Please know that our thoughts are with those affected by the COVID-19 outbreak. At this time, we are dedicated to support those individuals who may be unable to travel to Rotterdam, Netherlands from affected regions. If you are unable to travel or have concerns about obtaining your VISA, we are happy to announce the opportunity for remote presentations during your scheduled time slot if your paper is accepted.
Get Ready for IEEE SENSORS 2020!
Conference Starts in
Call For Papers
Topics for IEEE SENSORS 2020 include
- Sensor Phenomenology, Modeling and Evaluation
- Sensor Materials, Processing and Fabrication (including Printing)
- Chemical, Electrochemical and Gas Sensors
- Microfluidics and Biosensors
- Optical Sensors
- Physical Sensors - Temperature, Mechanical, Magnetic and Others
- Acoustic and Ultrasonic Sensors
- Sensor Packaging (including Flexible Materials)
- Sensor Networks (including IoT and related areas)
- Emerging Sensor Applications
- Sensor Systems: Signals, Processing and Interfaces
- Actuators and Sensor Power Systems
- Sensors in Industrial Practices (Only for industry i.e. first author from industry)
- Live Demonstration of Sensors and Sensing Technologies
Albert Theuwissen received the degree in electrical engineering and his PhD from the Catholic University of Leuven (Belgium) in 1977 and 1983 respectively. In 1983 he joined Philips Research Labs (the Netherlands) and in 2002 he started working for DALSA. His whole career he was involved in R&D of solid-state image sensors.
He issued several patents and he is author or coauthor of 240+ technical papers, including a textbook "SolidState Imaging with ChargeCoupled Devices". He acted as general chairman of the International Image Sensor Workshop in ’97, ’03, ‘09 and in ’15, and as International Technical Program Chair of the ISSCC2010.
In 2001, he became part-time professor at the Delft University of Technology, the Netherlands. He left DALSA in 2007, and founded Harvest Imaging. Since then he is fully focusing on training, teaching and consulting in the field of solid-state imaging technology.
In 2011 he received the Electronic Imaging of the Year Award and in 2017 he was elected as the President of the International Image Sensor Society.
An-Suei Yang, Ph.D.
1987 Ph.D. Chemistry, The Johns Hopkins University, Baltimore, MD.
1986 M. S. Chemistry, The Johns Hopkins University, Baltimore, MD.
1979 B. S. Chemistry, National Tsing Hua University, Taiwan.
Positions and employment
2018 - Division director of the Physical and Computational Genomics division, Genomics Research Center, Academia Sinica.
2010 - Research Fellow, Genomics Research Center, Academia Sinica.
2007 - 2016 Deputy Director, Genomics Research Center, Academia Sinica.
2004 - 2010 Associate Research Fellow, Genomics Research Center, Academia Sinica.
2000 - 2004 Assistant Professor, Department of Pharmacology and Columbia Genome Center, Columbia
Topic: developing anti-SARS-CoV-2 nucleocapsid protein antibodies with phage-displayed synthetic antibody libraries designed with computational methods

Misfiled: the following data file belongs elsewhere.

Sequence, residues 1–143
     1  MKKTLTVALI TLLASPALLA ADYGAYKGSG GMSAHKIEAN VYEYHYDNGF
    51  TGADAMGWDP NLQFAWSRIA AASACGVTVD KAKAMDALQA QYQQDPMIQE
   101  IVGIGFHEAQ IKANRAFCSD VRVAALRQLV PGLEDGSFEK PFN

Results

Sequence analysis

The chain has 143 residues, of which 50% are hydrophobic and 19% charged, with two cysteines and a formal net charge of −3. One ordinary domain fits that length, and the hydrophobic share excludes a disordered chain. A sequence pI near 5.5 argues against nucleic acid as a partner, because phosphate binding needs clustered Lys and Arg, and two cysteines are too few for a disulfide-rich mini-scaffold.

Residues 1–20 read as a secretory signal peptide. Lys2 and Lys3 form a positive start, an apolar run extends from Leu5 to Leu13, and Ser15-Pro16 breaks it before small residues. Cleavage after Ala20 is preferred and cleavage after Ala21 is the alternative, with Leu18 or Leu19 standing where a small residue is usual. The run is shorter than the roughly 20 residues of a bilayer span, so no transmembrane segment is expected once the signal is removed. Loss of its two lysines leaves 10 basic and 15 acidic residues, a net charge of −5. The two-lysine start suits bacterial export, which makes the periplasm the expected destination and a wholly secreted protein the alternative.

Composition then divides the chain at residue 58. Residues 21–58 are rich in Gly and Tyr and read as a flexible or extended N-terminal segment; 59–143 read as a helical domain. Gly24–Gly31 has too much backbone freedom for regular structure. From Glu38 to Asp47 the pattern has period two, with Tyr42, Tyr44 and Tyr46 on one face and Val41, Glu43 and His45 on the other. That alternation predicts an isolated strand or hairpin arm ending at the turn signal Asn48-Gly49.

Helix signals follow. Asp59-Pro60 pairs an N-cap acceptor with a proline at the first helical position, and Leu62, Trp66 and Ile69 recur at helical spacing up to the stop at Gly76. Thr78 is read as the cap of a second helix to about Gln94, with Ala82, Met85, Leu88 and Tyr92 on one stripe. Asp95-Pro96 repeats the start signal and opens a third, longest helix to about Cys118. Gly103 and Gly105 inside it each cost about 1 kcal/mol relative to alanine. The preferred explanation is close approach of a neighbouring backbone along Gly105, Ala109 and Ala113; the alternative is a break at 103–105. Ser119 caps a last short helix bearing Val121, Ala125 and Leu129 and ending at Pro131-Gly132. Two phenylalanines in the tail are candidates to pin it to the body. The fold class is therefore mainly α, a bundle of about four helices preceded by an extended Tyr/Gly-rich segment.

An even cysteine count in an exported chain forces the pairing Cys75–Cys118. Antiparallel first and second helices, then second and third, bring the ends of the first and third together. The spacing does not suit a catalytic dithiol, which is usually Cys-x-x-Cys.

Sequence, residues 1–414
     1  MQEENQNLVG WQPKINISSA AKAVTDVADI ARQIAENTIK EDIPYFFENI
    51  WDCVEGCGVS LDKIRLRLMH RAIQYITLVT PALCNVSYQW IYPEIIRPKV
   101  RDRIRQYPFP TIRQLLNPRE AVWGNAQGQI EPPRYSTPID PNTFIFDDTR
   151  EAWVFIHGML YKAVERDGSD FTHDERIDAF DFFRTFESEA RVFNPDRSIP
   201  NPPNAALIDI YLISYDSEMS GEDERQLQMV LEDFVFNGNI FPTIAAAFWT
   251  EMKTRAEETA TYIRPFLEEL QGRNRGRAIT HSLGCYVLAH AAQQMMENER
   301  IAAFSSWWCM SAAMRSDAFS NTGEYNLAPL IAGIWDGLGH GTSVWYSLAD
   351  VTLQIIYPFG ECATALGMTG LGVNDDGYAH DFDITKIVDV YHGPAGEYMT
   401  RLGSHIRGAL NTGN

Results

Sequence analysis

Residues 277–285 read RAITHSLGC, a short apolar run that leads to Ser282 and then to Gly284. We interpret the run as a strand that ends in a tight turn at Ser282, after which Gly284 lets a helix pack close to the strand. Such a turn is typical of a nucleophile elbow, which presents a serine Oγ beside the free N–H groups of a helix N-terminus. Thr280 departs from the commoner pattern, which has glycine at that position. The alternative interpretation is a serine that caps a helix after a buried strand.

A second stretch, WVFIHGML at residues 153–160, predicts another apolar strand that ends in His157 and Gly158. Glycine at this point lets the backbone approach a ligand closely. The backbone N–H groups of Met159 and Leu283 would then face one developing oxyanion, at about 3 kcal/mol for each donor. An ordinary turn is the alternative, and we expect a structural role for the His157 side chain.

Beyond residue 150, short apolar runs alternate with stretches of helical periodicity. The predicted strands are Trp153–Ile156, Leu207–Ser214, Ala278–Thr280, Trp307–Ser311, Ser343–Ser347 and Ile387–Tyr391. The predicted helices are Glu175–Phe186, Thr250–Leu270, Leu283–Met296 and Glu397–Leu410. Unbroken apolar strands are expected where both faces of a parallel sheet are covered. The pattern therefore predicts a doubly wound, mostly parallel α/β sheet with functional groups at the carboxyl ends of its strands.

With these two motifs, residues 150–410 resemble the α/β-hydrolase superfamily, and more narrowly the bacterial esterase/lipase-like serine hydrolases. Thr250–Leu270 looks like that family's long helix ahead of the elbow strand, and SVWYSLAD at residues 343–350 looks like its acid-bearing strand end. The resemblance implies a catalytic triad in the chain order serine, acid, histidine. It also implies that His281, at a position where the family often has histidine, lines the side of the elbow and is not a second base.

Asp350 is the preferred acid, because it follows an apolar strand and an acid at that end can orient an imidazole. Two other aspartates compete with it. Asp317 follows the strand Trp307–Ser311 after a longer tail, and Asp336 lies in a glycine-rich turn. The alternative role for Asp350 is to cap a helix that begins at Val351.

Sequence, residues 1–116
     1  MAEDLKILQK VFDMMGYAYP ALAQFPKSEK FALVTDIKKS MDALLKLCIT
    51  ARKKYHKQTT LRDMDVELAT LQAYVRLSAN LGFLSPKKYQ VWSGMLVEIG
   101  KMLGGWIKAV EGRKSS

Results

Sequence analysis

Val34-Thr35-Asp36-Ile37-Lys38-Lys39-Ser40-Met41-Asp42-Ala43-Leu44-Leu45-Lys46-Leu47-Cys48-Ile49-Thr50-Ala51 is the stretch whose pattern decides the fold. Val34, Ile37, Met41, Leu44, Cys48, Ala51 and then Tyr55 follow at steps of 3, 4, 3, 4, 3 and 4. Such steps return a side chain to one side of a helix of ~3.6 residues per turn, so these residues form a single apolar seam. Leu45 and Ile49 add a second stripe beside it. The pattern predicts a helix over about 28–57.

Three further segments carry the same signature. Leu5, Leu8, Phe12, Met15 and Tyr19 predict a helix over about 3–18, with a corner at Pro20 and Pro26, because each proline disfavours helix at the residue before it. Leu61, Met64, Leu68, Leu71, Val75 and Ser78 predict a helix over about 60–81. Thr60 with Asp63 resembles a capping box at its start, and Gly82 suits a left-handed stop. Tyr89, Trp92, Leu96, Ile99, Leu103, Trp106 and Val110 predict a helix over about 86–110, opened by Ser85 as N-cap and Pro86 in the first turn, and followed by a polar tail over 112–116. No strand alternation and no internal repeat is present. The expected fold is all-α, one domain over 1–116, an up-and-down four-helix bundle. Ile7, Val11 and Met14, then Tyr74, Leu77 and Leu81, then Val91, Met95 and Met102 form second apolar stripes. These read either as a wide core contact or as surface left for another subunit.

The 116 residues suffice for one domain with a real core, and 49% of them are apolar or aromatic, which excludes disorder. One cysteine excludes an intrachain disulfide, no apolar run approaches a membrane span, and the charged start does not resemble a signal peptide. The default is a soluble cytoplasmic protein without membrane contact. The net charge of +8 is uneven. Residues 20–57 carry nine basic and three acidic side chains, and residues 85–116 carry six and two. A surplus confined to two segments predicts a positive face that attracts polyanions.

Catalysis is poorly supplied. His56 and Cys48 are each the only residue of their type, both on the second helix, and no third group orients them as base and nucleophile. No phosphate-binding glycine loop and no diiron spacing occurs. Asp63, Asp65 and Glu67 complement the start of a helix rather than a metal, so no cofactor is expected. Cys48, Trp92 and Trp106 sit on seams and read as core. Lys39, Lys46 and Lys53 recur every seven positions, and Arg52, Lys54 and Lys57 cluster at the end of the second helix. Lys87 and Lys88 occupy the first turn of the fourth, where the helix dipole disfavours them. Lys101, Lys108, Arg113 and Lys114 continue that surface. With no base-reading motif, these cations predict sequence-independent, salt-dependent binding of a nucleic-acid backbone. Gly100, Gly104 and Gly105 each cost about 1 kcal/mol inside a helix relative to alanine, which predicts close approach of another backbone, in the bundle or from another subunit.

Abstract: The SARS-CoV-2 (severe acute respiratory syndrome coronavirus 2) outbreak in late-2019 in Wuhan China has led to global COVID-19 (coronavirus infectious disease 2019) pandemic, declared by the World Health Organization in March 11, 2020. During the outbreak of infectious diseases, tests to detect infected patients are urgently needed. RT-PCR-based detection of viral genetic materials and antibody IgG and IgM responding to the pathogen infection in human blood can be deployed quickly once the pathogen’s genome sequence become known, but the downsides of these tests limit the broad deployment of the PCR-based tests, or do not provide information on the real-time contagiousness of the pathogen infection in the antibody tests. A third kind of test based on lateral flow immunoassay (LFIA) on viral antigens could provide infection information for disease treatment and prevention without additional facility and instrumentation with turnaround times of 15-20 minutes – much like existing rapid influenza diagnostic tests, and is of particular value for infectious disease outbreak control in regions of insufficient resources. The key component of the LFIA for an antigen is the capture and detection antibody pair binding the target antigen with high affinity and specificity on two distinctively separate epitopes on the antigen. Because attaining suitable antibodies could be time-consuming and labor/cost-intensive, the LFIA devices are usually the most difficult to achieve rapidly among the three kinds of tests. Facing the challenge, we generated antibodies in IgG form that recognize both SARS-CoV-2 and the original SARS-CoV nucleocapsid (N) proteins. None of the IgGs bind the N protein of other human coronavirus strains. Our group accomplished antibody discoveries in 19 days, by working with our phage-displayed synthetic antibody libraries1, which had been designed with artificial intelligence models trained on antibody-antigen interactions2, constructed with chemically synthesized DNA, and expressed and then stored with phage display systems3. The antibody discovery processes were carried out in bacterial cultures, without need for animal facilities, thus mitigating time, material and environmental costs while enabling successful development of useful monoclonal antibodies. After completing the anti-N protein IgG development, our group completed a LFIA device prototype within one month. This work establishes a technological platform for rapidly developing LFIA devices in responding not only to the current COVID-19 pandemic but also in managing other infectious disease outbreaks in humans and animals. Indeed, we applied the technological platform to develop LFIA devices for avian influenza virus antigen in 2016 (manuscript submitted) and for African swine fever virus antigen in 2019 (manuscript in preparation). Developing solutions in responding to the challenges from the COVID-19 pandemic, we have demonstrated that the phage-displayed synthetic antibody libraries designed with computational methodologies could drive innovations in treating and preventing diseases.